Management Efforts Improving Homeland's Success
Faster documentation and estimates, better metrics and business approaches, combined with industry support, are the focus.
The Department of Homeland Security (DHS) is evolving from its early component focus to today’s mission focus, and its unity of effort and management reform initiatives serve as a foundation for continued transformation.
“One of the key things in unity of effort is we have to get it right up front," explained Chip Fulghum, deputy under secretary for management, DHS, at the AFCEA Homeland Security Conference. DHS must build strategy that turns into operational plans, he said, but he allowed that the Department has a ways to go. “Requirements are being built from the ground up, and we want to eliminate redundancy.”
“Flat is the new up for resourcing,” he stressed, adding, “We have to get the most out of every dollar." Nevertheless, despite the progress that has been made, the Department’s budget is still fragmented he acknowledged, and other department leaders have reported that information technology systems remain stove piped.
Fulghum points to several strategies that must continue to help with those challenges. First, resourcing and acquisition need to link up, but the challenge is that one is calendar driven by the fiscal year, and one is not, he said.
“We must have industry engagement by participating in events like this,” Fulghum stressed as he addressed attendees. Acquisition innovation round tables also solve real problems. “We listen to industry about the challenges and frustrations, especially about getting people cleared so they can do their jobs,” he added. The four reverse industry days the Department has sponsored have allowed companies to explain what thought and criteria they use in determining if they want to bid on work.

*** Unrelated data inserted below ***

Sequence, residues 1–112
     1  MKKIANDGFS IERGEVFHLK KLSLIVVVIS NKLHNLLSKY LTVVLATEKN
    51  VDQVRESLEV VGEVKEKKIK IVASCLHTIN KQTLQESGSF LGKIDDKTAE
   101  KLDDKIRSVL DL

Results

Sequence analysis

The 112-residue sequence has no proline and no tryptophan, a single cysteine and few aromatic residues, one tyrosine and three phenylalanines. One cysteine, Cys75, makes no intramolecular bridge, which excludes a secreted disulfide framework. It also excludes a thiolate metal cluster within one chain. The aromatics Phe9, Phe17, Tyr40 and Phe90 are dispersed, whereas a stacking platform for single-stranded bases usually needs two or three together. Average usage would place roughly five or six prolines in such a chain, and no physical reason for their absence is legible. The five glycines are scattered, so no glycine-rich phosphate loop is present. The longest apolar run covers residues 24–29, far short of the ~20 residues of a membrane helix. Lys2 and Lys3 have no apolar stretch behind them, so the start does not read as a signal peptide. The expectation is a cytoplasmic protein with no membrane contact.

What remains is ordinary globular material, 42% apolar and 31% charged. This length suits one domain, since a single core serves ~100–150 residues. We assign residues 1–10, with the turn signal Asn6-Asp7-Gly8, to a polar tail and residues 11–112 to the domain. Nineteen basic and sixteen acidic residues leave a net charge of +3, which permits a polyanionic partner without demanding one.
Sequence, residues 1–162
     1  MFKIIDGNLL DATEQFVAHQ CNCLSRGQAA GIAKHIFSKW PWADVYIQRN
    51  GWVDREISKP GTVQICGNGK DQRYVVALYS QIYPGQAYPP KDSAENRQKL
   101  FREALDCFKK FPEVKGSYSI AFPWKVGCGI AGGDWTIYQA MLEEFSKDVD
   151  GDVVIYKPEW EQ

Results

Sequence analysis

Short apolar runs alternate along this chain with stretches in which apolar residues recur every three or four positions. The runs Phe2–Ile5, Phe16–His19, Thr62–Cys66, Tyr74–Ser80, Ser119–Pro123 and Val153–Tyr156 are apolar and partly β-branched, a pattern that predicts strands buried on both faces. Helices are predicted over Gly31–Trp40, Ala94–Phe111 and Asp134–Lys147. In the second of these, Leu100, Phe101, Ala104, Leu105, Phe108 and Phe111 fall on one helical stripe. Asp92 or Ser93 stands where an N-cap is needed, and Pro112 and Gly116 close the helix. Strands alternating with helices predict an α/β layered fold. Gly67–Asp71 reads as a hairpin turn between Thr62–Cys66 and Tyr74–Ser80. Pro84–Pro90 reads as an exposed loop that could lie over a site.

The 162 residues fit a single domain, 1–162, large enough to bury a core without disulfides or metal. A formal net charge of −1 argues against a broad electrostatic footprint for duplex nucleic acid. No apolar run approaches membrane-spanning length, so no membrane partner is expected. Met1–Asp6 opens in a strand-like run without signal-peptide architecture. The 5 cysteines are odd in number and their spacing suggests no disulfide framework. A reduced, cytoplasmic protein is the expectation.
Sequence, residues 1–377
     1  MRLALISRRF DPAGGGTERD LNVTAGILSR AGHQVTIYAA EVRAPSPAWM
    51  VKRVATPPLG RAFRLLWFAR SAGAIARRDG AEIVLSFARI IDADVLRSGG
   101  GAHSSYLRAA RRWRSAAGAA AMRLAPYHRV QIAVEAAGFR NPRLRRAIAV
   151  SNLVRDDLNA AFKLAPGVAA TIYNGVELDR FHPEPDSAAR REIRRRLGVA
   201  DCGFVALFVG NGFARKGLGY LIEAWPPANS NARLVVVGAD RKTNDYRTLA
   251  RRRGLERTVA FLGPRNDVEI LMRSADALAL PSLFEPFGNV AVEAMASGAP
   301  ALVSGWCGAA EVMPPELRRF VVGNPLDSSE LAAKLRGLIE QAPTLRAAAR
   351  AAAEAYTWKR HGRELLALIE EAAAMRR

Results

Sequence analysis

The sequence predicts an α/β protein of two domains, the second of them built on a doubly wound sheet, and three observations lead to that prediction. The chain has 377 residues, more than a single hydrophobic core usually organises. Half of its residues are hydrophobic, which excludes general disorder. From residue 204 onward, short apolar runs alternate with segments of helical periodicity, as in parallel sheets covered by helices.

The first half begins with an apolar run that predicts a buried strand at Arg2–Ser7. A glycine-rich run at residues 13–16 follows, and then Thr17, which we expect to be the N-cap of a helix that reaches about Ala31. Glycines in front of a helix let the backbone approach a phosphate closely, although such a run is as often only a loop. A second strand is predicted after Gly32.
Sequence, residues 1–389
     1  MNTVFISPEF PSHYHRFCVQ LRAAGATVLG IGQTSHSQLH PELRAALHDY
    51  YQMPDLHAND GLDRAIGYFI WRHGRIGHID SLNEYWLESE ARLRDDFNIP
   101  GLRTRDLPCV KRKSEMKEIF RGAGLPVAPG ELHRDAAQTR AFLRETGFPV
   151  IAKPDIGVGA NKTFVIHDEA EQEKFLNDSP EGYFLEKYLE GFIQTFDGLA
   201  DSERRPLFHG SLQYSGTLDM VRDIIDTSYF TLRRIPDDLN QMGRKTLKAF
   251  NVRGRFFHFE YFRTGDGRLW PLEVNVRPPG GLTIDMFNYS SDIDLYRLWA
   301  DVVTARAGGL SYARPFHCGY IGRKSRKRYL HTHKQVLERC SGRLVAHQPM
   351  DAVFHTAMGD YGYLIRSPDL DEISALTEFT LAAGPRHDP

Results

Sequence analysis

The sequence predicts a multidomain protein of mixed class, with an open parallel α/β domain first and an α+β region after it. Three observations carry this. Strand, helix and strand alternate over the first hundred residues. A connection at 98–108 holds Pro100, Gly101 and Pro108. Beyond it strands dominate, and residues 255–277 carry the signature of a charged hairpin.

The Procurement Innovation Lab, or PIL, "helps us to put our toe on the line every day. This effort enables us to use the rules to our advantage to allow as much flexibility as possible. Flash and speed dating and video presentation have resulted in many innovative ideas we need to build on," Fulghum said.
Two-thirds of major acquisitions in DHS are information technology related, which requires speed. “Right now our procurements take too long and cost too much. Let's not just look at agile but look at whole ecosystems,” he recommended.
Some strategies include reducing documentation and timeline and developing better metrics to show business value.“We are not great at that, and need industry help,” he said. “We need to work together.”
Agile incremental development is old news, and DHS knows how to do it, he said. “But we have to get the tools in place to go get it.” Cost estimates take too long as well, he allowed.
The management reform initiative is addressing DHS’s delivery of products and services. It questions if the Department should be in a particular business, such as should it be moving to software as a service or endpoint as a service? It examines why there are multiple network operation centers and it explores options, such as obtaining world class cybersecurity as a service.
In addition to the initiatives under way, Fulghum emphasized, “We need smart buyers of IT. We need acquisition professionals. We need HR people to do hiring. And we are hiring. If you're looking for a change and a place to serve in the best department in the federal government, we are waiting. Go to usajobs and look,” the deputy under secretary reported.
In acknowledging the importance of human capital, Fulghum related that it is not just the Coast Guard or the 190,000 civilians in DHS who are protecting our nation. It is the men and women who provide contractor support each day. “We cannot do our mission without them, and we appreciate and value that partnership. On behalf of the Department, we thank industry for helping us keep our nation safe and secure and combat the challenges we face every day,” he concluded.